If we decide to digitize this experience, we will be able to expand it in many ways by adding more objects or more content. For example, visitors to the digital version could watch hundreds of additional videos, by curators, artists, commentators, previous visitors, etc. There are no limits.
The digital space that houses the exhibition could be a wonderful castle floating on clouds or any other fantastic building. However, you will not feel the place, the exhibit, your presence, your walking through the spaces, the smells, as you would in the physical world.
Wearing the most immersive consumer gadget available, the Oculus Quest 2, you will see things as if you were there, inside the castle above the clouds. At the same time, you’ll see others as avatars made of pixels.
Walking the virtual hallways with your special one while wearing a head-mounted display may not be the same as doing so in the physical world.
A digital exhibit may be available to you 24/7/365. No wait time, no commuting, no waiting in line. However, the duration of any oculus visit can hardly be hours; more likely, we are in the 30-minute range. Head-mounted displays are typically tolerated for short duration sessions.
These are some key differences between an online visit to a virtual exhibit and a walking visit to a physical exhibit.
Let’s now try to synthesize what we’ve said about these experiences and visualize their shapes through our 7ARMP radar.
This is a generic exhibition mapping.
Example: Immersive Van Gogh exhibition. San Francisco, CA
Oculus Virtual Exhibit
This is a generic Oculus game mapping.
Example: Star Wars Tales from the Galaxy
Leveraging 7AEMT to imagine desirable futures
Now we will use our radar in reverse, that is, not to analyze an existing experience, but to imagine the ideal experience for a business context.
I could refer to real cases we were working on and take it as a credible example. According to these preliminary applications, the ideal experience for a business context should:
- Be multi-sensory (high immersivity).
- Integrate physical space with digital content.
- Be able to last hours (not minutes, but not days either).
- Is adequate to fill a room or a conference room or innovation center. Usually, it doesn’t need to be any larger than that.
- Be absolutely capable of accommodating hybrid groups, supporting co-presence and collaboration.
- Cost as little as possible.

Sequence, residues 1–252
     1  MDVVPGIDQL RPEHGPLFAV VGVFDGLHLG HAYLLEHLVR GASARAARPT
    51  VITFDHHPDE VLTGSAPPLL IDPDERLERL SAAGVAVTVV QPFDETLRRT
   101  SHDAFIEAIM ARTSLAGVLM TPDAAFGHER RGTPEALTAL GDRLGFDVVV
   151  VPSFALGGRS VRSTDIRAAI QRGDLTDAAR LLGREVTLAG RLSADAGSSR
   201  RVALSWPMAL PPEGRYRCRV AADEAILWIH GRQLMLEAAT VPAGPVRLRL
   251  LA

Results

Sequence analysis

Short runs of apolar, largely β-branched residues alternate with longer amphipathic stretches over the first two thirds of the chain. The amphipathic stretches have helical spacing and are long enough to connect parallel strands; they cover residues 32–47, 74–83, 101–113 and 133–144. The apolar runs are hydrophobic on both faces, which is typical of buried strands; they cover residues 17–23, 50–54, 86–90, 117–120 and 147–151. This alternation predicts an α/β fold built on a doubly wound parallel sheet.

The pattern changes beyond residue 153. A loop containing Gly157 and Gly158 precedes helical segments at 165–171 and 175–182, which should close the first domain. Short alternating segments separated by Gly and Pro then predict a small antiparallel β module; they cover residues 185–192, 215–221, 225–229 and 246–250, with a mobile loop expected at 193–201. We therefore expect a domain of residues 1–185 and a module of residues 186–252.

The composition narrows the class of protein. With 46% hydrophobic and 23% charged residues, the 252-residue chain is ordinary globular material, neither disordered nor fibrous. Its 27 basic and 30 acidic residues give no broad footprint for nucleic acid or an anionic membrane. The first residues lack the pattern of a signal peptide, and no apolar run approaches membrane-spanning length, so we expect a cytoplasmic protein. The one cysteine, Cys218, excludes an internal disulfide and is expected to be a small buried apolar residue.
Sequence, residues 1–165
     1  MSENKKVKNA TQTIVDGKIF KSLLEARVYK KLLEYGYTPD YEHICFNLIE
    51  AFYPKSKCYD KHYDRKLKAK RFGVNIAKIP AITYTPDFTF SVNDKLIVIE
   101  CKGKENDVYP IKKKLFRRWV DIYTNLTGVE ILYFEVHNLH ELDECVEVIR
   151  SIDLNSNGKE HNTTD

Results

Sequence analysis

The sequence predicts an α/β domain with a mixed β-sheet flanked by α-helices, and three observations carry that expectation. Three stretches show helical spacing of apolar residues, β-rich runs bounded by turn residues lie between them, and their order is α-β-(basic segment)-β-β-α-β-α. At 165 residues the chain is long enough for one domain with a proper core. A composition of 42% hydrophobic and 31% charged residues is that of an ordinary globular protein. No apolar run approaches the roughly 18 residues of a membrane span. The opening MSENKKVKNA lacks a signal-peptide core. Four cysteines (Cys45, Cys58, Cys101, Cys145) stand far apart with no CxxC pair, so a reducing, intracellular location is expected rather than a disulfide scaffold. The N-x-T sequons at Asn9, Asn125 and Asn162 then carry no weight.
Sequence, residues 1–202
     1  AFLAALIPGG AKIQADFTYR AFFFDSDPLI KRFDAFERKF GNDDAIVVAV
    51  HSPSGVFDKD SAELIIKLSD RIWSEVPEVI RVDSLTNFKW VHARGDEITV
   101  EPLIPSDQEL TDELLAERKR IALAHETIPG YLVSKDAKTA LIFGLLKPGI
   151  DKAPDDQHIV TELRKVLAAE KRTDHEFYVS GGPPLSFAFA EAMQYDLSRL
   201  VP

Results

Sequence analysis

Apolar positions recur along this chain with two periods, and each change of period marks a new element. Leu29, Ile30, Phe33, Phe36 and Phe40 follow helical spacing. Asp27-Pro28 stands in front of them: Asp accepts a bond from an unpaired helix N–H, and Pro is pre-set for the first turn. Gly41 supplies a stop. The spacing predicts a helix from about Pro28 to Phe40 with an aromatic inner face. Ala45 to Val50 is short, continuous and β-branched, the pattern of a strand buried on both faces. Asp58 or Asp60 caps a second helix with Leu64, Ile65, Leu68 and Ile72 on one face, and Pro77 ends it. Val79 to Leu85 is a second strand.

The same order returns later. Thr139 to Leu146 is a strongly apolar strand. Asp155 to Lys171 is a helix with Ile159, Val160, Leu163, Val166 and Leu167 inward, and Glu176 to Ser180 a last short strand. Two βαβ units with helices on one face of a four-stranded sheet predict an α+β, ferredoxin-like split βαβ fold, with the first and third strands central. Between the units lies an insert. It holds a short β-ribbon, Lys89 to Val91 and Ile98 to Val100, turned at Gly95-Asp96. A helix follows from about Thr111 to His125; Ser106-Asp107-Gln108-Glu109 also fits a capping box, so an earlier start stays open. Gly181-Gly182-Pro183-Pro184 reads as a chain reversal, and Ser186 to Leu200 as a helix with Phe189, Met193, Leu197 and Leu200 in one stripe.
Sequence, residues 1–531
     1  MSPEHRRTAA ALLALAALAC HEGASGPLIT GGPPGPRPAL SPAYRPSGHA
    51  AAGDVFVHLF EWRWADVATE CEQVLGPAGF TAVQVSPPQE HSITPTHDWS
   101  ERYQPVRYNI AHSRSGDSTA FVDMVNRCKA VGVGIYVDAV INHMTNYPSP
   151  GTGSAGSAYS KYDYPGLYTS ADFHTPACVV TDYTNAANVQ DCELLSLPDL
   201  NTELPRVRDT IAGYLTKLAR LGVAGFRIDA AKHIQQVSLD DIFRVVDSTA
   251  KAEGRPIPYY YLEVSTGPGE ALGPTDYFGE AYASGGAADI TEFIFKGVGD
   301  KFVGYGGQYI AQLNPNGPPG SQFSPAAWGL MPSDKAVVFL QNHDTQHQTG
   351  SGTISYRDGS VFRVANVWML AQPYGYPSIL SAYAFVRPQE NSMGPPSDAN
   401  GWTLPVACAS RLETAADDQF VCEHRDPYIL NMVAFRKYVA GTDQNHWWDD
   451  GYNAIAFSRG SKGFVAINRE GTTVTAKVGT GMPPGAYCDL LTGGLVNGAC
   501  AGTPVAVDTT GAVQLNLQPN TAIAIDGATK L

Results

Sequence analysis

- Be easily editable and repeatable.
Plotting these requirements on our radar, we get the following shape:
As you can see by comparing this chart to the forms obtained by analyzing the museum exhibit and the virtual exhibit with Oculus, our business experience covers areas that other experiences do not.
Below, two more charts depict a video game and an amusement park. I’ve overlaid them on top of our business experience so you can see what different requirements are at play.
Videogame / Living Room TV
This is a generic exhibition mapping. Example: No Man Sky for Playstation
This is a generic exhibition mapping. Example: Disney Star Wars Galaxy Edge.
This allows us to make our needs visible and trigger conversations that, iteration after iteration, will allow the project to become more and more concrete: from an potential future to reality.
This example illustrates very well the usefulness of 7AEMT in the design process. That’s what the radar is for: it’s a Design Thinking visual tool to intercept desirable futures.
In 1992, in a memorable book (Computer as Theatre) Brenda Laurel presented a new theory of human-computer interaction. Building on Aristotle’s analysis of the form and structure of drama, Laurel showed how similar principles can help us understand what people experience when interfacing with computers.
Brenda Laurel’s theatrical metaphors have greatly inspired our work.
With the design team, we conceived a digital device that surrounds and defines a physical space: just like a theater, this space surrounds people and allows interaction between them, sometimes magical: imagine a speaker talking to an audience surrounded by the presentation.
As the presentation progresses from one slide to another, the previous slides don’t disappear but go to occupy a space on the room’s walls, which are actually digital displays or projections. The presentation ideas are always available and, if someone wants to review one of the previous slides, all he has to do is walk along the walls and find the one he’s looking for.